Tips And Tricks

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Use any USB printer driver

This fix is very simple. OSx86 has universal binaries for all its pre-installed printer drivers. However, if your model doesn't have a pre-installed driver, you might be in a bit of a sticky situation. The problem is, even if you download your printers driver, it won't be listed in the driver list! That's because chances are the newly added driver is in PowerPC architecture. To fix this, right click "Printer Setup Utility" in Utilities, select "Get Info" and click "Open using Rosetta." Now, when you restart the setup utility, it will load PowerPC drivers in the driver list, and your newly added printer driver should now be visibly listed! Enjoy! - By Takuro

For HP printers, follow above and just pick any HP printer even if yours is not listed. All of them use the same driver. HP has a unified deskjet driver for Linux, BSD and OS/2 so it is reasonable to try this with any HP deskjet. Specifically tried and worked with HP PSC 1610.

Warning! Using any application to be run as Rosetta will probably cause it to be slower.

EDIT: Since the time of this entry, Apple has released an extensive driver pack for many printer models, including HP. Chances are that your printer is already supported, but if not, you can still try this trick. . .

Get disk burning to work with non-Apple drives

There is a quick patch to make iDVD, iTunes, and any other application with disk-burning features to use a non-Apple DVD or CD writer. In fact, iDVD refuses to run unless it finds an Apple cd burner. A patch has been around for a while now. It was originally created by Mac owners who had purchased non-Apple cd burners and wished to use them. The site for the patch is When installing, make sure you click the expert/advanced properties and click the button that says patch "idvd 4." In addition, select all the other checkboxes for the heck of it. If your drive is not listed during installation, it is not supported. Good luck! (Note: this will not fix "DVD Player" application.)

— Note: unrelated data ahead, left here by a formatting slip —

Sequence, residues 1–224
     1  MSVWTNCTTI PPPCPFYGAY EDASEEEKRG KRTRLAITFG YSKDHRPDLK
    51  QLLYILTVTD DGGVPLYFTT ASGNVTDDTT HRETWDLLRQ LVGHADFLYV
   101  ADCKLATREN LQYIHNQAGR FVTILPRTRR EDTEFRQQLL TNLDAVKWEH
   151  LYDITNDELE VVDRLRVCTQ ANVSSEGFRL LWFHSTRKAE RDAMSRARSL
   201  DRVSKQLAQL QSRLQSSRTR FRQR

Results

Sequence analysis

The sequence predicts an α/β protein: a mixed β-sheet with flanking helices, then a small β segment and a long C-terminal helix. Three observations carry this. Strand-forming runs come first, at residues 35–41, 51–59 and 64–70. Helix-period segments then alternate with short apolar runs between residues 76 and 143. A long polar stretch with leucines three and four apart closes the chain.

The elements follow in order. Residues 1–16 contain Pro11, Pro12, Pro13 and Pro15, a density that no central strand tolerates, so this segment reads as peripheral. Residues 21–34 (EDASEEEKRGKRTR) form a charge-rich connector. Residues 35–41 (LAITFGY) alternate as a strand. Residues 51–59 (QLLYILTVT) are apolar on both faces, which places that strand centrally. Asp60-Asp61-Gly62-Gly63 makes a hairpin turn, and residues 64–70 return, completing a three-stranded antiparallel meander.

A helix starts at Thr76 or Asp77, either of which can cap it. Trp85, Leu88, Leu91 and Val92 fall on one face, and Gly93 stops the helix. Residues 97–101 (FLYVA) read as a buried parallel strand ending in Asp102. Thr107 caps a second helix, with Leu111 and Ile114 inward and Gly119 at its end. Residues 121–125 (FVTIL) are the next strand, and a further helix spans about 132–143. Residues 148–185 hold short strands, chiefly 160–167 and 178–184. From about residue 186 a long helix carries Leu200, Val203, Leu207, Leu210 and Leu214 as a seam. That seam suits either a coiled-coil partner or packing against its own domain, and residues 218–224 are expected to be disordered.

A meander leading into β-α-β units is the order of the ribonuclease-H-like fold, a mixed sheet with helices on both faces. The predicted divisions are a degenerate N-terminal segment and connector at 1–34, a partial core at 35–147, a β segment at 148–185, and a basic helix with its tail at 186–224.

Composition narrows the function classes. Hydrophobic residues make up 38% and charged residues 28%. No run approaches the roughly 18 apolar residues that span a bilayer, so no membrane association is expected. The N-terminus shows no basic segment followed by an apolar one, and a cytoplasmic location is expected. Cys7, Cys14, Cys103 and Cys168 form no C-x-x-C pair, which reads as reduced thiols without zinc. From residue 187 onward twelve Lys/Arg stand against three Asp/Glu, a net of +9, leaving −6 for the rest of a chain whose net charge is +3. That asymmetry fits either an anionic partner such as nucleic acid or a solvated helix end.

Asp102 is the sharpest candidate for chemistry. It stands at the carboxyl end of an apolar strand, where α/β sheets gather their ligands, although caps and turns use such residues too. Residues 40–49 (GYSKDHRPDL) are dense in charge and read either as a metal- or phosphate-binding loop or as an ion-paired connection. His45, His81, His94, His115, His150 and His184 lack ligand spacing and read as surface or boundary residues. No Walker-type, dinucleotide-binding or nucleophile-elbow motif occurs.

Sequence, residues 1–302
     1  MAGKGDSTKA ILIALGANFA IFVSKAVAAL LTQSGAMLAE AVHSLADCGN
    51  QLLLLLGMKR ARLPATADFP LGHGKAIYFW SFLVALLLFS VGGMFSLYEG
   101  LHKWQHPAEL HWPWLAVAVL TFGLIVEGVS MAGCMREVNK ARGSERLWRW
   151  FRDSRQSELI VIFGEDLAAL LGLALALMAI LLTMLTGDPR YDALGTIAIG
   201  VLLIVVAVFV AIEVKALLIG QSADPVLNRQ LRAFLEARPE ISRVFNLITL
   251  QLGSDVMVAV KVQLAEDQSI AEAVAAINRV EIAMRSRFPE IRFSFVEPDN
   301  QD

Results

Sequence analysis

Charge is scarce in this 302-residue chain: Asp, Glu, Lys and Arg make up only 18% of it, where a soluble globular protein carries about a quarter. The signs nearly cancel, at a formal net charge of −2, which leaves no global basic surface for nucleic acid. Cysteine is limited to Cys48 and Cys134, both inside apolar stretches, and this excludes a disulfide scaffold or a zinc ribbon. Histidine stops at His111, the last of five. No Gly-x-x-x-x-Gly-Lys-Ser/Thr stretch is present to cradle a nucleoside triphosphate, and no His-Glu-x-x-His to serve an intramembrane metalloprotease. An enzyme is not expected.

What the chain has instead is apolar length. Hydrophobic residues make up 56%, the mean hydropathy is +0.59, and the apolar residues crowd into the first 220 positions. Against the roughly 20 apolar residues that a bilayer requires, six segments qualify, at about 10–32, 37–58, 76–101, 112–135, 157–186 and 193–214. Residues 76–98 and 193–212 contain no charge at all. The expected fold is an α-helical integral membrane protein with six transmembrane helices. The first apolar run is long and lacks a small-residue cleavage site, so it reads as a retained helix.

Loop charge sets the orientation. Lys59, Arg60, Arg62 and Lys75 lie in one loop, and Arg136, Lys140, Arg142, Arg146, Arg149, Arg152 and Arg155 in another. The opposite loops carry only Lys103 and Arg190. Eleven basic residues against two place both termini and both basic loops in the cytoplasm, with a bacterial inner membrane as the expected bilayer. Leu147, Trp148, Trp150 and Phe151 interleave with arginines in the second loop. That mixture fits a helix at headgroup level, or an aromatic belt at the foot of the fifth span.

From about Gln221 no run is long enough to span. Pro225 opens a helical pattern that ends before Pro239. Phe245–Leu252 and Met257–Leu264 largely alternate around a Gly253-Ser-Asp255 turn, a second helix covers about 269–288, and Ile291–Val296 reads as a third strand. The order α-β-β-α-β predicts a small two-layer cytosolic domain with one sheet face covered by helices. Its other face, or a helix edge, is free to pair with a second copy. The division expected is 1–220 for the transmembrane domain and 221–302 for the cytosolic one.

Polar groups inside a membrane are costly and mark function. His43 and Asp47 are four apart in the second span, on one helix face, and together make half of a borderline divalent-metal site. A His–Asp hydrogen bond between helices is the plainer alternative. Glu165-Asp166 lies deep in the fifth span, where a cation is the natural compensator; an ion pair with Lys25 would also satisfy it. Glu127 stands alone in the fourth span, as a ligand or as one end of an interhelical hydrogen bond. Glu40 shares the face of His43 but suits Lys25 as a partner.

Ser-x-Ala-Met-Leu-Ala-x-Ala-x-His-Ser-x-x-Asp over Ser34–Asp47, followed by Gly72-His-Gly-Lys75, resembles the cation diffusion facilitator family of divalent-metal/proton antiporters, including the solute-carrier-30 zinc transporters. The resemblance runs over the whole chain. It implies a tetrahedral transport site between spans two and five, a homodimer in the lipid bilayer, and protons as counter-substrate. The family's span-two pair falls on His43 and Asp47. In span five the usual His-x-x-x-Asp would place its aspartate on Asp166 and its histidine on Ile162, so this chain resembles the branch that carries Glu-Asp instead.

Note that this is not needed in iDVD 6, as Apple removed this limitation; Steve Jobs announced it at MacWorld San Francisco 2006. The Apple-only limitation may also have been removed in other iLife '06 applications, but iDVD was the only one publicly announced.

Replace SSE3 with SSE2 Patch (In other words stop Safari from crashing and make iTunes work along with other apps)

This will allow systems only capable of SSE2 to run SSE3 based code. This allows Rosetta to work and fixes some glitches on SSE3 based machines that do not work properly.

Download Maxxuss's patch, and then:

1. Burn CD or simply mount it in your Mac OS X system
2. Open
3. Use "cd" command to get into the CD, e.g. "cd /Volumes/MAXXUSS0.5/"
4. Type "sudo ./"
5. Follow the instructions
6. Restart Mac OS X
7. Enjoy.

This fixes iTunes as well as Safari, it also fixes the fade out graphics glitch.

Note: In the newer editions of Mac OS X (the Install DVDS), this is no longer necessary. Maxxuss's patch is provided on the DVDs - just make sure you keep it selected when installing Mac OS X from the boot DVD. If you do have some issues with this using any of the Install DVDs, and you are sure that you had installed Maxxuss's patch, you may need to enable rosetta emulation for that program. Do this by going into finder and right clicking the program's icon in finder (its original location), and select get info. In the menu that pops up, select Open with Rosetta. The program will open a bit slower (because the program will be running in an emulated PPC environment), however, but it will be more stable, meaning less crashes.

Fixing Browser Plug-in Issues

Some Intel-based browsers, including Safari, have plug-in conflicts. Java and flash are among the plug-ins that seem to refuse to load. This is because all current browser plugins are designed for PowerPC-based browsers. Luckily, Safari has universal binaries to load with a PowerPC architecture rather than the default Intel architecture. Right click Safari's icon and choose "Get Info." Under the "General" pane, check "Open using Rosetta." As an alternative, you can use Firefox, which is still currently PowerPC-based, and it will load plug-ins fine. Note: There is a version of Deer Park that is not a universal binary, and is purely Intel in architecture, thus it will have plug-in issues until Mac Intel plug-ins are released.

- By Takuro

Note: the plugin finder service within Safari takes the user to a download page for Flash Player 8. Installing Flashplayer 7 (not 8) instead may improve stability on some systems (in combination with the Rosetta checkbox).

Here you can find old Macromedia Flash players - By Cele_82

Deadmoo's password

The password on the "Deadmoo" and "Curtis" account (they're the same, but called different things in different places) is " bovinity ". Once you log in as him you can go to the users panel and setup an account for you to use, change his password, etc.